Photos ornamenting the hotel documented the "hot" season from the early years. Brian loved to study them, to let the history envelop him as he passed framed pictures of ladies in the modest swimwear of the sixties, children licking Popsicles, men playing bridge under umbrellas. He made his way to Memory Lane now, the nickname of the hallway that housed the majority of the pictures. He eyed a large print of the canteen, which still served cold beers and hot dogs all day long, and the kidney-shaped pool, affectionately called the Nugget, where the bobbing heads of children looked like pinheads dotting the surface. A recent guest had complained that the curvy lines of the pool made it difficult to do laps. Replacing the pool with the more modern rectangular shape now in fashion would cost a fortune, and Brian didn't quite know where that ranked on the list of desperately needed renovations. After the bedbug crisis, he'd had no choice on the mattresses. And when the golf clubhouse had suffered a devastating flood, it had meant new everything. There was simply no budget for discretionary improvements. Not if they were going to make payroll. To pay the insurance premiums. To keep up bountiful platters of food.
"This look okay, boss?" came the voice of the hotel's long-standing social director, Larry Levine, aka the Tummler. Hired by Benny and Amos in the late 1960s, Larry was the kid from their neighborhood who could always stir up a good time. On the sizzling streets of downtown Manhattan, he hosted egg-cracking-on-sidewalk competitions, organized stickball tournaments, and was the first to pull the plug on the fire hydrant. When it was clear the hotel needed a full-time minister of fun, there was one clear choice. If the Golden was going to compete with the other giants in the area, a top-notch entertainment master was needed. Fifty years later, Larry was still the activities director. As he approached, Brian noticed he had on two different shoes.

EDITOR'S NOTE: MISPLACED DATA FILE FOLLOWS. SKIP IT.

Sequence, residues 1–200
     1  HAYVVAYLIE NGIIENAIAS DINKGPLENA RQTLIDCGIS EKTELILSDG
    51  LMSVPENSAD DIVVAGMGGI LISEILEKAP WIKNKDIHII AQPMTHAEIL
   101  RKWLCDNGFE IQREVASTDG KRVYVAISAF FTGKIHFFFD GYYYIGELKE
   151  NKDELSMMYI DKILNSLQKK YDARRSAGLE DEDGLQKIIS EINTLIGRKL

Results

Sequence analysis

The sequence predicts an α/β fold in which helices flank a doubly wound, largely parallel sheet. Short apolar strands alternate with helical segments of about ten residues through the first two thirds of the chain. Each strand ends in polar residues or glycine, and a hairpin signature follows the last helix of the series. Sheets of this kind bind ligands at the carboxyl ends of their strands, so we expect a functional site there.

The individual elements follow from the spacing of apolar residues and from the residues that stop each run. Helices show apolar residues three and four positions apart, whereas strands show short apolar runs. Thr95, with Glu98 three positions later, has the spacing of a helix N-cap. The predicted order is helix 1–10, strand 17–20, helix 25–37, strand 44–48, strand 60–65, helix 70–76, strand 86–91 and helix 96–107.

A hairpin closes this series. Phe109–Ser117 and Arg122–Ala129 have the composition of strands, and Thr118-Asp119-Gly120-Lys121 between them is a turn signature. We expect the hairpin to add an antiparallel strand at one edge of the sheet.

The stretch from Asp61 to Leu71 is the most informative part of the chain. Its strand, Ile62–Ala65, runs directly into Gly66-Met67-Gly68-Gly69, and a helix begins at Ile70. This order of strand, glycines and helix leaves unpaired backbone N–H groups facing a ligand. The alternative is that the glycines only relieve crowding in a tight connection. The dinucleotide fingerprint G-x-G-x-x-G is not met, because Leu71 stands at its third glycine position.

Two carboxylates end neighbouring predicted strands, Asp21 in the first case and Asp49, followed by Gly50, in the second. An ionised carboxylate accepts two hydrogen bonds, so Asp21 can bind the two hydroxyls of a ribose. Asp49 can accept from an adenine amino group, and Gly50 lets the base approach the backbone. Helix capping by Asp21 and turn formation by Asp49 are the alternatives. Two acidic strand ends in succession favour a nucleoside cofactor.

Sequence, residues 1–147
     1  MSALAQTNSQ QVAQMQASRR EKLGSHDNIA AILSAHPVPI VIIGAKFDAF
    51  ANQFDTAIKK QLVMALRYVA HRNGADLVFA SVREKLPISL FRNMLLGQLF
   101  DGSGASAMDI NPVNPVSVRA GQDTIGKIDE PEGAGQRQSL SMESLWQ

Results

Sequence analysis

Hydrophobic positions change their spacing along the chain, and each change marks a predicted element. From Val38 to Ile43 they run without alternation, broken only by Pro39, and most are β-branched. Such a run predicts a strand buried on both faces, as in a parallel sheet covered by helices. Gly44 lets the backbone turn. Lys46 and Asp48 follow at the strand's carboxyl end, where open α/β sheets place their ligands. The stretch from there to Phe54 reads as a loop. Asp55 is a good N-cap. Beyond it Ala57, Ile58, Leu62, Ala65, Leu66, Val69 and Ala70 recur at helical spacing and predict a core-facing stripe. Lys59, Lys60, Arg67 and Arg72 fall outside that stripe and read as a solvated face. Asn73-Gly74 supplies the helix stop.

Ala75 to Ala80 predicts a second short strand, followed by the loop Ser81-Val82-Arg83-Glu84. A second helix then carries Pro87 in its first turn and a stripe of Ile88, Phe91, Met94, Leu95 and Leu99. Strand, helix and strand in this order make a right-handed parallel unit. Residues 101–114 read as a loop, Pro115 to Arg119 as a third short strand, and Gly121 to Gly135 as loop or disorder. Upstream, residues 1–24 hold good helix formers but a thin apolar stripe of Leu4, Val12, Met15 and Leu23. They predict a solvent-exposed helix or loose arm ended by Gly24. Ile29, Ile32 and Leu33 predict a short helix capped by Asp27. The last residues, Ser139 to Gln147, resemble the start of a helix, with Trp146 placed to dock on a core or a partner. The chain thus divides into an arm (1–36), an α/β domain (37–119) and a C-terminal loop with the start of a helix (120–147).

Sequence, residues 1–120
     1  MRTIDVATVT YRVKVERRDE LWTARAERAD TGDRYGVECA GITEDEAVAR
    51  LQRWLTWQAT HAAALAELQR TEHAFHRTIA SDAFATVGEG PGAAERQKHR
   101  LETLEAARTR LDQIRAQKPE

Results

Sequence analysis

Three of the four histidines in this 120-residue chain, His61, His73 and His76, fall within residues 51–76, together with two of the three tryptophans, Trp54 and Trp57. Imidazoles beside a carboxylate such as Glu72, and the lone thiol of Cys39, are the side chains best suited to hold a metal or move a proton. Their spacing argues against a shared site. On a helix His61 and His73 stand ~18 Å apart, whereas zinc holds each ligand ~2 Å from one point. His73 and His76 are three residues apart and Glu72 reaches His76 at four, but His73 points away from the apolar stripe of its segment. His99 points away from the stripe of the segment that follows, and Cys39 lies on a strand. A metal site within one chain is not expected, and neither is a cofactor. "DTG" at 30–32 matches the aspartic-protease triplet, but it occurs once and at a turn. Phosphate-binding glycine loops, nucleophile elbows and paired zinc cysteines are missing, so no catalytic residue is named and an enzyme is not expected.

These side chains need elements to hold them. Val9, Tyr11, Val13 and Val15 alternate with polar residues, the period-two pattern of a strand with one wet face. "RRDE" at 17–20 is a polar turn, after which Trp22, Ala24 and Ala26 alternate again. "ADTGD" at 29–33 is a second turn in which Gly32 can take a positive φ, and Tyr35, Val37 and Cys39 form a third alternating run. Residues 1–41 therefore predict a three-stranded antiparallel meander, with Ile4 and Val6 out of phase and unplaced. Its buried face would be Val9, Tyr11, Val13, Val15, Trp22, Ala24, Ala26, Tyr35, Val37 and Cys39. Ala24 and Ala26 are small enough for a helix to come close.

Larry handed over a printed sheet of paper with a list of the hotel's daily activities. Brian's heart sank as he perused it. Combined with Larry's bizarre comments in the newspaper, it confirmed what he'd suspected for the past six months. And it meant he couldn't put off a call to Larry's wife any longer.
"Larry, this is an activities list from December 1983. Look here. It says ice skating show at ten; ski hill opens at eleven; snowman-building competition after lunch. Rubik's cube demo in the pagoda. Look outside, Larry. It's sunny. It's June, Lar. We have water aerobics, the walking club, outdoor checkers."
Larry stared at him for a beat, then glossed with the sheen of embarrassment.
"Right. What was I thinking? Let me go print up the correct schedule," Larry said, shuffling back to his office. These kinds of episodes were happening with more frequency. Larry would be unaware of his surroundings or say something totally out of time and place, but would recover moments later. Brian clung to those flashes of clarity, hoping that whatever was ailing Larry was transitory. He could ask Larry directly, but he didn't want to shame the man, who was clearly trying to cover up whatever was going on. This was common with dementia patients, according to Brian's Google search. The more prudent course of action would be to call Sylvia, Larry's wife. There was no reason he shouldn't do that today. It wasn't like the phones were ringing off the hook.
Brian took in the faded salmon of the lobby carpet, the mysterious stains on the wallpaper, the threadbare sofas with cushions permanently sunken from the weight of guests fed three decadent, diet-be-damned, all-inclusive meals a day.